Data encryption must be supplemented by robust cryptographic key management to ensure that corporate information is effectively protected. A common theme across all Thales Data Threat Reports is that although organizations encrypt their data at rest and in motion, they often forget to manage the encryption keys’ lifecycle, which leads to compromises of these valuable assets and subsequent data breaches.
In addition, businesses wishing to comply with the Indonesian PDP Law must establish a separation of duties between the systems applying data encryption protection and those performing key management. This is required to reduce potential risks of incidents migrating from one system to the other and to limit the impact of human error. Sound key management systems provide the ability to leverage a hardware-based root of trust, such as a Hardware Security Module (HSM), for tamperproof key creation and storage.
When properly implemented, data-centric security gives the organization complete control over its sensitive data. This is a necessity considering the data sovereignty requirements of the privacy law. Access to protected data can be granted or revoked at any time based on well-defined policies, and all activity is logged for auditing and reporting.
Access Management and Authentication solutions protect sensitive data by enforcing the appropriate access controls when users log into applications that store sensitive data. By supporting a broad range of authentication methods, including multi-factor authentication, and policy-driven role-based access, access security solutions help enterprises mitigate the risk of a data breach due to compromised or stolen credentials or through insider credential abuse.
How Thales can help you comply with PDP Law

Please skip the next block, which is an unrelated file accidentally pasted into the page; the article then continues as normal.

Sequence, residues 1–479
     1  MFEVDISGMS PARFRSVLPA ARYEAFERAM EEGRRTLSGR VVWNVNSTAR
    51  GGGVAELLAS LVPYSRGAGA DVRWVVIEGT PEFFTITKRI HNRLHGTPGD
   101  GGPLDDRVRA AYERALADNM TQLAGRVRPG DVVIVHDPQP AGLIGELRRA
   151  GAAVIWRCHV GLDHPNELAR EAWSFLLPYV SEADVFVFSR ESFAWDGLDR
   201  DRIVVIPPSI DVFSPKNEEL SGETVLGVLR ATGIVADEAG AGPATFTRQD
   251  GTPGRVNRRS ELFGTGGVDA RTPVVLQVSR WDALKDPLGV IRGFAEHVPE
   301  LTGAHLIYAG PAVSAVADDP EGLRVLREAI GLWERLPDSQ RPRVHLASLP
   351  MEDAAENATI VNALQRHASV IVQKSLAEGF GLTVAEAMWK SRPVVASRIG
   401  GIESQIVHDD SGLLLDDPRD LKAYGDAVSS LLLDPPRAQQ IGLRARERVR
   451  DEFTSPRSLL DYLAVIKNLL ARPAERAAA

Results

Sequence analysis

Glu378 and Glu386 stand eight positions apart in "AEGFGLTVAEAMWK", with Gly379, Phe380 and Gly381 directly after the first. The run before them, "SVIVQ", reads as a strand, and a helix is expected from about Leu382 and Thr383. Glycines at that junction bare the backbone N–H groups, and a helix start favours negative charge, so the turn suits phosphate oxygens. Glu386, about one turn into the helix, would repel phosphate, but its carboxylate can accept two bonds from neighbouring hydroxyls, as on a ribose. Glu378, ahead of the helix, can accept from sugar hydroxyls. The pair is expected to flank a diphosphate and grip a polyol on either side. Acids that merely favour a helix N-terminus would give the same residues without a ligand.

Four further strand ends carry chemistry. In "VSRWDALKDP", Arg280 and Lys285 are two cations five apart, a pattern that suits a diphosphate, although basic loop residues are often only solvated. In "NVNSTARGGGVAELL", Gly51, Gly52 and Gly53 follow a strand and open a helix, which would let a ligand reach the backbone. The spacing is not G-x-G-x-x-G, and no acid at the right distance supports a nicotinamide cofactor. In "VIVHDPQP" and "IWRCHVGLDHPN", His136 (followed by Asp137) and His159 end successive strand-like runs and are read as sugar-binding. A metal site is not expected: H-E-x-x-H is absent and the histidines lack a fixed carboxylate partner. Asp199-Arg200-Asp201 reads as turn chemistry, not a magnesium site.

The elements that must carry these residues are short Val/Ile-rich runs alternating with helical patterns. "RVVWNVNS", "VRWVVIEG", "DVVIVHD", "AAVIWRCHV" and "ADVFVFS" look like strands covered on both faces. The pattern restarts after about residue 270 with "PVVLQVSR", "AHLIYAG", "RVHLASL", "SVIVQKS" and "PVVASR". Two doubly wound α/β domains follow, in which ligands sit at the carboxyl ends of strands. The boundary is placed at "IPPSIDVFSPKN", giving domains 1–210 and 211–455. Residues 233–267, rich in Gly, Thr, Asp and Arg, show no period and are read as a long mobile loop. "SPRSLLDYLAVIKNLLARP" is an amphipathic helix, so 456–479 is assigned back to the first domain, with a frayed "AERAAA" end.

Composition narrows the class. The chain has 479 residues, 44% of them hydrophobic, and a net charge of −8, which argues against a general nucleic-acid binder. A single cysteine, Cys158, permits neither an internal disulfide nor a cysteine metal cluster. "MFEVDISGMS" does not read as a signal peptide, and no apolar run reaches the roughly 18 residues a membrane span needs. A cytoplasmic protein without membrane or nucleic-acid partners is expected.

To properly execute your data-centric security approach, it’s important to note the available encryption and data protection methods, the requirements, the applications or data to be protected, and the risk environment unique to the business.
Choosing a vendor with the broadest solution set available and one that provides centralized key and policy management will provide easier deployment and management controls when you grow your installed base.
As the leader in digital security and data protection, Thales has helped hundreds of enterprises comply with regulations worldwide by recommending the appropriate data protection technologies required to meet regulatory requirements. The advanced data discovery, data encryption, key management, network encryption, hardware security module (HSM), data protection on-demand, and access management solutions enable customers to protect and remain in control of their data wherever it resides, across the cloud, on-premises, and hybrid IT environments.
To learn in greater detail how your organization can comply with the PDP Law requirements by selecting Thales as a partner, download our eBook “Addressing Requirements of Personal Data Protection (PDP) Law of Indonesia.”